Sunday, September 29, 2019


Yesterday's practice.

Subdividing Thursday's blocks of colour imprimatura and learning the trick of creating the secondary colour not by mixing on a palette but by glazing, meaning applying very thin translucent layers of colour over top.

Learning value by mixing four or five different values of a single colour, applied with tiny brush strokes over top of the base colour imprimatura (that I think the Byzantines call "proplasmos").



Thursday, September 26, 2019

More experiments

It's funny how the old methods turn out to be better than the new Bright Ideas.

Trying to be a bit more systematic, learning the rather tricky egg tempera glazing methods and colour mixing.

Italian ice cube trays are ridiculous for making ice. Teeny little cubes that melt before you can start drinking your drink. But for colour mixing in egg tempera...

This is the other icon painter/egg tempera channel I'm using.

All in French but it's not that hard to understand. (And maybe my French might get a little better...)

Here's my first stage. I'm going to wait until it's bone dry, then do the glazing. The idea is that egg tempera paint is translucent, so the first layer of colour shows through and you put a thin glaze over it to make a third colour. Yellow over a blue base makes green, etc.

The top row is all from the same colours: Yellow ochre, Alizerin crimson and Burnt umber with a dab of ivory black. It shows how much difference can be created just making very small changes in the mix.


Wednesday, September 25, 2019

Having a go

A couple of months ago I signed up for the Patreon page of Ikonographics, run by a woman, Julia Hayes, from South Africa - who lives in Athens - and has been studying Byzantine iconography for many years.

She has essentially the same idea I have about art; learn to do it the hardest way possible. Do all the traditional techniques, learn the practices and materials that created the great works. Once you've mastered the super-duper hard stuff - like learning to draw icons free-hand, no tracing or even copying, you can have the freedom to do work that just learning the cheap n' dirty, easy way can't give you.

This is obviously not the way to do a finished icon, on watercolour paper. It's just an exercise in things like getting the drawing proportions right, colour mixing, using the paint, getting used to the way egg tempera goes on with a brush, what kind of brushes work best - and what tools and materials I'm going to have to buy.

I spent an hour yesterday just doing pages and pages of ovals. I bought a box of cheap-o copier paper to practice drawing on, so I can just cover the pages in doodles and scribbles, and not feel bad about tossing them at the end of the day. It's amazing how hard it is to draw a simple oval shape - not pointy on top like an egg, or flat sides, or bumpy or lop-sided - just by eyeballing it. I've got several pages in my workbook of hands, eyes, noses...

Today I thought I'd have a go at using the paint.

Wobbly oval on a centre axis line. Hilariously difficult. (It's off-centre on purpose.)

Finished the drawing, but then you go over it with a gum eraser to pull the graphite off, or it shows through too much.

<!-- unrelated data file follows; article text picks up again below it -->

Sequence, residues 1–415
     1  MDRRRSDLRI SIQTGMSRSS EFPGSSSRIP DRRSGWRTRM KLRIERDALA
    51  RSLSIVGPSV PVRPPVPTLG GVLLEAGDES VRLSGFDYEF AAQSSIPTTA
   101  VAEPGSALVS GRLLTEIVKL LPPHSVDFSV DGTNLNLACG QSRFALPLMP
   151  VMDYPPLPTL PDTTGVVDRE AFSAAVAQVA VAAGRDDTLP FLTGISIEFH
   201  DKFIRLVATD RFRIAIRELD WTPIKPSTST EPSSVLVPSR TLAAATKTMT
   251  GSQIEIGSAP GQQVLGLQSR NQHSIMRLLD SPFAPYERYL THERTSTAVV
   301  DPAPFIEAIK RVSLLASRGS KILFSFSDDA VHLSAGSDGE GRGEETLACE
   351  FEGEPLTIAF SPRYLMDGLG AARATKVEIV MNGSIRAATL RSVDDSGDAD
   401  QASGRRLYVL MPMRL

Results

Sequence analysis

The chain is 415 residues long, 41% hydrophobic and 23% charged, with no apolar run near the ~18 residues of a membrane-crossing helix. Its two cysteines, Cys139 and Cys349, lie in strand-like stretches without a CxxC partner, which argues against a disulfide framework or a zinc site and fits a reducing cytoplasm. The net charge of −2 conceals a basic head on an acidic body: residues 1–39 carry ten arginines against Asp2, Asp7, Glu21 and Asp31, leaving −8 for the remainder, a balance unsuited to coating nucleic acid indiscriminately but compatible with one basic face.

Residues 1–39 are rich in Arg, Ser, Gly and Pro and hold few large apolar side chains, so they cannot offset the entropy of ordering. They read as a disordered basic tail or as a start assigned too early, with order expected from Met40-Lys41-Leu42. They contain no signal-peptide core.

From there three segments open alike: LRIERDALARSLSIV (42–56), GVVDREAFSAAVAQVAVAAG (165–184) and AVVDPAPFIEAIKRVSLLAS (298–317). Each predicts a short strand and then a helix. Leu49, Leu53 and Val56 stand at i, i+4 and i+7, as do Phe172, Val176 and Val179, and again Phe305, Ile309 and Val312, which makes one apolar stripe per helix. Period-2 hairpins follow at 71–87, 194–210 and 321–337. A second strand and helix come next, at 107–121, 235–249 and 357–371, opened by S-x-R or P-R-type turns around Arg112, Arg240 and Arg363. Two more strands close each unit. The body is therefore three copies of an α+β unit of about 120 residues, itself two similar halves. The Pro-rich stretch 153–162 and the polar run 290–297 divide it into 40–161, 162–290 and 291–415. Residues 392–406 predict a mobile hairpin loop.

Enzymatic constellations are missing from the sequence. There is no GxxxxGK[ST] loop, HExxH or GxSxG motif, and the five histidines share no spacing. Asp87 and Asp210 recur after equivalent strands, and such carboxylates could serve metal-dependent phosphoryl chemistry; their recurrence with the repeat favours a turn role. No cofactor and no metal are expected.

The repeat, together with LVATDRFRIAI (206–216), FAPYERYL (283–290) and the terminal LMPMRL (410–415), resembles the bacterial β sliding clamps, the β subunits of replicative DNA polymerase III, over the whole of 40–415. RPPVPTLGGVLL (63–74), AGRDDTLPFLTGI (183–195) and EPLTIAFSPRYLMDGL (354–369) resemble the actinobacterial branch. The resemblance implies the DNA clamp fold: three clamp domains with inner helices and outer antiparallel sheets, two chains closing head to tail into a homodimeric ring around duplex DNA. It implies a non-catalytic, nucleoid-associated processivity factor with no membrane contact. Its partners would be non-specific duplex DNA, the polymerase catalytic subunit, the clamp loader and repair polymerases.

First few layers are yellow ochre, mixed with egg medium and thinned way down with distilled water. (Yes, it's supposed to be streaky.)

It's certainly not at all like any painting technique I'm used to. You do one colour at a time, and you just paint right the heck over top of your drawing. Then you mix up a little dark tone and go over the drawing - which shows through the translucent paint.

I've been using egg medium mixed with artists' quality gouache - Windsor and Newton among others - and have been very pleased with the way it changes the gouache as a medium. Gone are the frustrations with it drying darker or lighter, it flows and lays so much easier.

Drawbacks with practicing using watercolour paper is the drying time. Egg tempera paint dries in seconds, but the paper absorbs the water, so the pain won't set as well. This means if you do the next layer too soon, before the paper has had a chance to dry out sufficiently, the water in your next pass will reactivate the paint underneath, making it lift. So, you just have to wait a lot longer between passes. I got the hair dryer out, and tried it for a few seconds but then the thought, "There's no way this will not end badly." So, never mind impatience. Let it take the time it's going to take.

The neat thing about iconography, as you can see in this video that I'm using as a model...

...that you do it dark to light. You start with the darker values and slowly layer by layer build up to the highest highlights. So it's like the figure is emerging towards the viewer out of the darkness.

Another hilarious fun-fact about egg tempera paint: "How come Byzantine and medieval painters mixed their paint colours in little cups or sea shells and not on a palette, like oils?" Egg tempera is runny. You use it very thinned down.

This was three colours when I started. Live n' learn.

Of course, the traditional method is to use raw powdered pigment, to mull it yourself with egg medium and paint on a board treated with many layers of home-made gesso. I do have a bit of powdered pigment, but I think for me, learning something like this is best treated like algebra; add only one variable at a time. (Also, glass mullers are hella-spensive.) I also bought the makings for rabbit-skin "True Gesso" a while back, and hope to give it a go soon.

Learn one new thing each time. I'm a long way to mastering the drawing (don't look at the hands!) and just starting to get used to colour mixing. One thing at a time, I figure.